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How to take your idea from the classroom and make it reality

After more than a decade in the corporate world, Emma Sharley eventually decided the timing was right to take the leap into running her own business.

“I always wanted to have my own business, as I naturally gravitate towards the creation of new concepts or ideas, and solving problems,” she said.

The first business Sharley launched after leaving her role as marketing manager at Westfield was a consulting venture, Sharley Consulting, in 2015. Out on her own, Emma decided to take a course at General Assembly, wanting to skill up and “soak in” as much as she could in areas outside her core expertise.

Armed with the new skills she had picked up in the classroom, Emma then teamed up with a friend to launch fashion tech startup Shop You in late 2015. If that wasn’t enough, she later found her way back to General Assembly to teach brand, marketing, and digital workshops.

“I’ve loved taking these workshops; there’s never any shortage of passion, energy or focus in the room. The groups are always diverse; we often have a mix of global corporates, large retailers, SMEs, and startups, which makes for great discussion and, at times, collaboration,” Emma said.

“The workshops are strategic but outcome-focused, so that each student can walk away with a set of actions relevant to their own business growth.”

With experience across the small business, startup, and corporate worlds, Emma knows what her students are going through and what they are experiencing.

“There are core similarities around leadership, communication, business operations, and the focus on outcomes and delivery,” she said.  

The key differences between running a startup and running a consultancy?

“In startup you are operating with less time, money and resources, whilst creating something that is new to market. Because of this, it’s important to ‘ship’ often. Get your product or service out as fast as you can, be comfortable if it’s 80 percent and not 100 percent, as it will allow you to get the feedback you need in order to rapidly iterate,” she said.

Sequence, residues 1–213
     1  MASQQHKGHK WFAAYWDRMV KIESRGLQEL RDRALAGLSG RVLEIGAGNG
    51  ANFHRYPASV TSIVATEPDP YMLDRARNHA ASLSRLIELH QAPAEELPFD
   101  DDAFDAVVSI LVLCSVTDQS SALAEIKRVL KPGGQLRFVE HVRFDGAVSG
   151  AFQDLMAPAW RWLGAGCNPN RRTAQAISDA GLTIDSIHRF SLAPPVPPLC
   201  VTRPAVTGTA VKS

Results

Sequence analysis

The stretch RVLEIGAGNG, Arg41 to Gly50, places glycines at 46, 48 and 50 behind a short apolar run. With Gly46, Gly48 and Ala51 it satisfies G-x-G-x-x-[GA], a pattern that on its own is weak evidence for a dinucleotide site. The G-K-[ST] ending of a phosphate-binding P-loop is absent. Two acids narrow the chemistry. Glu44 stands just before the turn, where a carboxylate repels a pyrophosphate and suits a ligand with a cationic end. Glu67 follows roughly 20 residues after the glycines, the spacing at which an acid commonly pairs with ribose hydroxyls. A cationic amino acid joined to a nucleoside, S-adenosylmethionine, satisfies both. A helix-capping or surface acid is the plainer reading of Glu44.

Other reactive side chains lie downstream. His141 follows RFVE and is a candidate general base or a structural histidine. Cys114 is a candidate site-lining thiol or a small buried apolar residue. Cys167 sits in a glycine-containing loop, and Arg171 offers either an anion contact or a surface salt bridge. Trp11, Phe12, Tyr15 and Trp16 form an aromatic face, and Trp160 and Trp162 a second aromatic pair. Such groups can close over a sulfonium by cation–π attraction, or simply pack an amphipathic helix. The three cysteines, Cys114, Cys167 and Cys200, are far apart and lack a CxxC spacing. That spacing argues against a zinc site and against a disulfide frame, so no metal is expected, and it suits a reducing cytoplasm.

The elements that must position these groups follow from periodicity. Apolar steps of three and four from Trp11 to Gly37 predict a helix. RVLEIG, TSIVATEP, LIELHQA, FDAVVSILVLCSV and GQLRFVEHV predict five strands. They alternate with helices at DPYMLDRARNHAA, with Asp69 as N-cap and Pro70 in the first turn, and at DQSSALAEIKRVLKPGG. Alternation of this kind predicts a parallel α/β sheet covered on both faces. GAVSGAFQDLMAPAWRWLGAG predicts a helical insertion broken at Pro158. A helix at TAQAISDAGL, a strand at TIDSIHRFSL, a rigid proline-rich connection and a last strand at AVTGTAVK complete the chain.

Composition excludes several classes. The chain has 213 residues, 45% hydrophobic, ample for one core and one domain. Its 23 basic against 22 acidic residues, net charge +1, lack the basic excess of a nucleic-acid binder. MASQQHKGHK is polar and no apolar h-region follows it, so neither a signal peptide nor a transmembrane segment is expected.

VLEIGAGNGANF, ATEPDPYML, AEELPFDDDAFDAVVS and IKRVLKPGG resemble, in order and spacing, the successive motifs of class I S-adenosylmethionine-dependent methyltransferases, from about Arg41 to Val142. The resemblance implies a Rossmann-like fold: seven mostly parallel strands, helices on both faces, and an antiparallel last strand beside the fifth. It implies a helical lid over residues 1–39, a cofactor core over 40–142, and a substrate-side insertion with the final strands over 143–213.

“Waiting until something is perfect before seeking customer feedback means you may miss the market opportunity, or you waste time and money on a solution that doesn’t actually meet their needs.”

Emma is hoping more Australians will spot and make the most of their market opportunity by taking part in Days of Note, a month-long series of tailored workshops and events developed by Samsung in partnership with General Assembly to champion productivity, innovation, and creativity to help people be inspired, get empowered, and take the leap.

With the workshops running from the Days of Note hub at WeWork in Pyrmont, Emma said Days of Note has come at the perfect time for Aussies thinking of switching up their careers and pursuing something new.

“It’s a dynamic landscape we’re in right now – more and more people are designing their own future to pursue work they love – whether that’s through a new business or simply bringing more flexibility or new projects, ideas, or concepts into the workplace,” she said.  

“Being passionate about work, and continual learning, are two of the key traits that will set any individual or business apart. I love that Samsung has taken a leadership stance in this space with General Assembly to help bring ideas, passions and dreams to life through the Days of Note events, workshops, and resources.”

Connecting students to those who have been on the entrepreneurship journey, Emma said, gives them the confidence to start making their vision a reality once they leave the classroom.

“The best time to start is now!” she said.

The Days of Note workshops are running daily at WeWork in Pyrmont until the 4th of October. Be inspired, get empowered, and take the leap by booking your spot here.





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